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Triller, UMG reach deal, ending fight over payments to artists

Billie Eilish performs
UMG artist Billie Eilish performs at the Shrine Auditorium in Los Angeles in 2019. UMG said Thursday it has an expanded licensing agreement with Triller, allowing the video app’s users to access songs by artists like Eilish.
(Allen J. Schaben / Los Angeles Times)

Triller and Universal Music Group said Thursday they reached an expanded licensing agreement, ending a dispute earlier this year over payments to musicians.

The agreement will allow users of Triller’s video app to regain access to songs by UMG artists such as Drake, Lady Gaga and Billie Eilish. The agreement covers UMG’s full music catalog from its record labels and artists and songwriters from Universal Music Publishing Group.

“We’re pleased to have a deal with Triller that embraces the importance of compensating our artists, especially given the tremendous value music generates across the platform,” said Jonathan Dworkin, UMG’s executive vice president for digital business development and strategy, in a statement.

Universal Music Group said it removed music by Drake, Pop Smoke and others from the streaming app Triller after the company stopped paying UMG artists.

The agreement resolves a heated dispute between the two companies. In February, UMG pulled its music catalog from Triller, saying the video app company had “shamefully withheld payments owed to our artists” and that it refused to negotiate a future license.

At the time, Triller denied withholding payments. The company said it “does not need a deal with UMG to continue operating as it has been since the relevant artists are already shareholders or partners on Triller, and thus can authorize their usage directly.” UMG countered, saying, “Triller’s statements are ‘removed from reality.”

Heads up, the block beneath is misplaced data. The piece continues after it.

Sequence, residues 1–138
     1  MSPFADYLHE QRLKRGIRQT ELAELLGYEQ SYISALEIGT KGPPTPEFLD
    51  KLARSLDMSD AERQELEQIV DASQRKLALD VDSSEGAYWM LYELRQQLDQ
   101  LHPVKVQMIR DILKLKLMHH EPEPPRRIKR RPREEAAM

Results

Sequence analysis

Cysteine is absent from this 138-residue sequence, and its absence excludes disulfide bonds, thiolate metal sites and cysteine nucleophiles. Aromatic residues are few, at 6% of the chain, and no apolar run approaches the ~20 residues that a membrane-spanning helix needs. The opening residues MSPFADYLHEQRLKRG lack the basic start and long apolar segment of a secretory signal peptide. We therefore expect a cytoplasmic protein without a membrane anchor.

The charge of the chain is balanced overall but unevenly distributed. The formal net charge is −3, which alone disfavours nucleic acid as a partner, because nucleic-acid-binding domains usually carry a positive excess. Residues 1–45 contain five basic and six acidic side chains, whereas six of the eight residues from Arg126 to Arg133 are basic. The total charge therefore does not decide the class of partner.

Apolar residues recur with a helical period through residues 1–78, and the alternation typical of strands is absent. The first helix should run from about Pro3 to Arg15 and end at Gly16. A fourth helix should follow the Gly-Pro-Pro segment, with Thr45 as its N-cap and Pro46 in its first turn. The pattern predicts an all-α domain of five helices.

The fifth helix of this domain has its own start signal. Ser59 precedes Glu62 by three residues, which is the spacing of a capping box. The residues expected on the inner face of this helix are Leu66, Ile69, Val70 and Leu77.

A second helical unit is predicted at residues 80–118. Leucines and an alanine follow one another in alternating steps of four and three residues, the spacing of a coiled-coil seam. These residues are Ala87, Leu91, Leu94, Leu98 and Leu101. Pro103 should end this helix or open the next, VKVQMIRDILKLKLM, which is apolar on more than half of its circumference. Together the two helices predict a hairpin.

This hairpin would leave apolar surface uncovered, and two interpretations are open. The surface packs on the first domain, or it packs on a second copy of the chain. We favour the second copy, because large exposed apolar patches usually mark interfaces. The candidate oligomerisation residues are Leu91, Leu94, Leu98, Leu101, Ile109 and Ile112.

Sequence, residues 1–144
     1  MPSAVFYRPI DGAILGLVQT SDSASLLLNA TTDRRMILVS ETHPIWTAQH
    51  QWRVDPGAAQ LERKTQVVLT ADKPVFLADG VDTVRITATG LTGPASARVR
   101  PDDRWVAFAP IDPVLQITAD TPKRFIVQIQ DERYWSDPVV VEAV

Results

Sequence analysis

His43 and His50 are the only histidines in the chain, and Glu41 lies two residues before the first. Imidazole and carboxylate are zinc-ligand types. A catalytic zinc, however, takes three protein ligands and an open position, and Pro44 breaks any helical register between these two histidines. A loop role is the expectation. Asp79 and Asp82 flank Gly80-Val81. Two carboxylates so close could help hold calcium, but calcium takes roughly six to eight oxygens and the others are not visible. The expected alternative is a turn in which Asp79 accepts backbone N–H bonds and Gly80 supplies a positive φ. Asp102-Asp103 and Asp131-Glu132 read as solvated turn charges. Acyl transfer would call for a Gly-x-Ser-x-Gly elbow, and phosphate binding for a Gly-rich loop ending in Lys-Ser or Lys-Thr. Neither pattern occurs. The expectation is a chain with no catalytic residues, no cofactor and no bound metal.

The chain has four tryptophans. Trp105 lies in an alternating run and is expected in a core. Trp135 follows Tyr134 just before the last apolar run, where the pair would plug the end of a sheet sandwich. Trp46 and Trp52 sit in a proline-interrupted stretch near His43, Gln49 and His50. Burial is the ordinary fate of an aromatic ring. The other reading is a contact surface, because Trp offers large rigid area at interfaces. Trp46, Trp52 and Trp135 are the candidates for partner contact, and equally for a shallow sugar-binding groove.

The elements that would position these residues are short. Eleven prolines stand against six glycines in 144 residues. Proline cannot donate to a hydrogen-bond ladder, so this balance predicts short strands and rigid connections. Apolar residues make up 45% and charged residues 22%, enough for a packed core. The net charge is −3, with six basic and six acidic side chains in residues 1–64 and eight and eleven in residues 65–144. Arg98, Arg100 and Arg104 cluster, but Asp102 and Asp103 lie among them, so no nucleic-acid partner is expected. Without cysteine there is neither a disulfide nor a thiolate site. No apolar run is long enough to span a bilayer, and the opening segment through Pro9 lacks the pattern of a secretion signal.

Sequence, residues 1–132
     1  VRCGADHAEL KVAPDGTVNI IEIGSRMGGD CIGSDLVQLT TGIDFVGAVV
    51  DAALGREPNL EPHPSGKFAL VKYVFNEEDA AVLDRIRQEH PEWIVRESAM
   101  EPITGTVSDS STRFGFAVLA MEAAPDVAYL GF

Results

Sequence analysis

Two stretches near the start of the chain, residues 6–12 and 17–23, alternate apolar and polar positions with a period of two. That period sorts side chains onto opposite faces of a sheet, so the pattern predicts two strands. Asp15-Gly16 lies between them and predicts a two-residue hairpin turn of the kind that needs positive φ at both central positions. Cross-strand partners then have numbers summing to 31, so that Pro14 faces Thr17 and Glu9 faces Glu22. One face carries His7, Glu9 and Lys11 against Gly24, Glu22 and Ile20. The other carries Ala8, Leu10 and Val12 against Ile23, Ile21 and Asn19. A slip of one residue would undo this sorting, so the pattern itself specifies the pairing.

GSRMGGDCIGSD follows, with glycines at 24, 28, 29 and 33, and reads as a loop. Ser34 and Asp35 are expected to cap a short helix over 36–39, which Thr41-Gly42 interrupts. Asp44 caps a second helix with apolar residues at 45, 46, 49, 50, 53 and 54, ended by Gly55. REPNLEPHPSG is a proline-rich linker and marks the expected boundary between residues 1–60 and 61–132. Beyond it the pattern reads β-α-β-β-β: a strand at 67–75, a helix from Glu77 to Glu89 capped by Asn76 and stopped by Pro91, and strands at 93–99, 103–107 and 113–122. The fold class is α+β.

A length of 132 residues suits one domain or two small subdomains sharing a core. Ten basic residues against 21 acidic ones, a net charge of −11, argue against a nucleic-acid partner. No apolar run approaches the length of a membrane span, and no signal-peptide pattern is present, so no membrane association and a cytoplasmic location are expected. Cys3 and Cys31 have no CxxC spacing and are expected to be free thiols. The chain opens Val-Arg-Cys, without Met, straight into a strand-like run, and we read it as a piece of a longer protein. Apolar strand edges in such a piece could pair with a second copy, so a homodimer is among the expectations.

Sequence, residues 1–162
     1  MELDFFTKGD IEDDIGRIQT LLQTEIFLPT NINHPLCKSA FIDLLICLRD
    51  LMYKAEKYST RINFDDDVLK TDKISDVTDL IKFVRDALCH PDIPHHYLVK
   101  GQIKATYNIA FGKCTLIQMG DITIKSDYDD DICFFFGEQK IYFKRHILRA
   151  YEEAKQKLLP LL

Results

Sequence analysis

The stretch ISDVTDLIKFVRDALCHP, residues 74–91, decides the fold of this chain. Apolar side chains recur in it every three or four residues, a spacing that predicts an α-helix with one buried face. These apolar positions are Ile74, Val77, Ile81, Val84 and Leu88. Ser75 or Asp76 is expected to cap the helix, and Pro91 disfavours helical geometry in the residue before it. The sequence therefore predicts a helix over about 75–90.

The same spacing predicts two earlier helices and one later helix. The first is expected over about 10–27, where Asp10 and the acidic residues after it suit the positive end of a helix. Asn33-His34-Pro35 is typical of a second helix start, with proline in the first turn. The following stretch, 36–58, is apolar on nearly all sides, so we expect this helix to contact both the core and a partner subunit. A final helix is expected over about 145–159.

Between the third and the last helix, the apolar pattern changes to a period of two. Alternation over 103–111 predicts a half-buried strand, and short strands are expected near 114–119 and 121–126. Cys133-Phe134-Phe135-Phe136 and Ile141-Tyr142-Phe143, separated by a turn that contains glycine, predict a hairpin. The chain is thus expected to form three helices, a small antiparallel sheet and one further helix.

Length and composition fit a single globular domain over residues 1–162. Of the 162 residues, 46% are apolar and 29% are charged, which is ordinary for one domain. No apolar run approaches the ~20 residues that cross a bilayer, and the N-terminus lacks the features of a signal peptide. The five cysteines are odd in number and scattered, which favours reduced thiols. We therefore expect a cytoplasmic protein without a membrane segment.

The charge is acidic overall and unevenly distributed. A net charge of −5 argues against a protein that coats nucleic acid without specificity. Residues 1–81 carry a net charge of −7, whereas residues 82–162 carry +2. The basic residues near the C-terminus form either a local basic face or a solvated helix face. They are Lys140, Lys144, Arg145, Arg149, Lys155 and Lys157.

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The companies declined to disclose terms of the agreement.

Social media apps that flourish by allowing users to upload music videos rely on partnerships with music labels. Rivals to Triller such as TikTok have deals with UMG, and the availability of songs on one platform over another could sway where users spend their time.

“Triller has become one of the most important platforms in music today, and these agreements ensure that artists and songwriters across Universal Music Group have full access to the global Triller ecosystem,” Triller Chairman Bobby Sarnevesht said in a statement.

Triller’s parent company TrillerNet is majority owned by Proxima Media, an investment company led by Ryan Kavanaugh, the flamboyant former head of mini-studio Relativity Media, which flamed out after entering bankruptcy and underwent restructuring.

The settlement comes a month after a management shake-up. TrillerNet named Mahi de Silva, the company’s nonexecutive board chairman, as chief executive officer, replacing Mike Lu.

The company had positioned itself last year as a rival to TikTok when the Trump administration threatened to ban the app. Since then, Triller has expanded its business from its initial music video app to hosting live pay-per-view performances such as boxing matches, and its recent acquisitions include Verzuz, which hosts battles between music artists.


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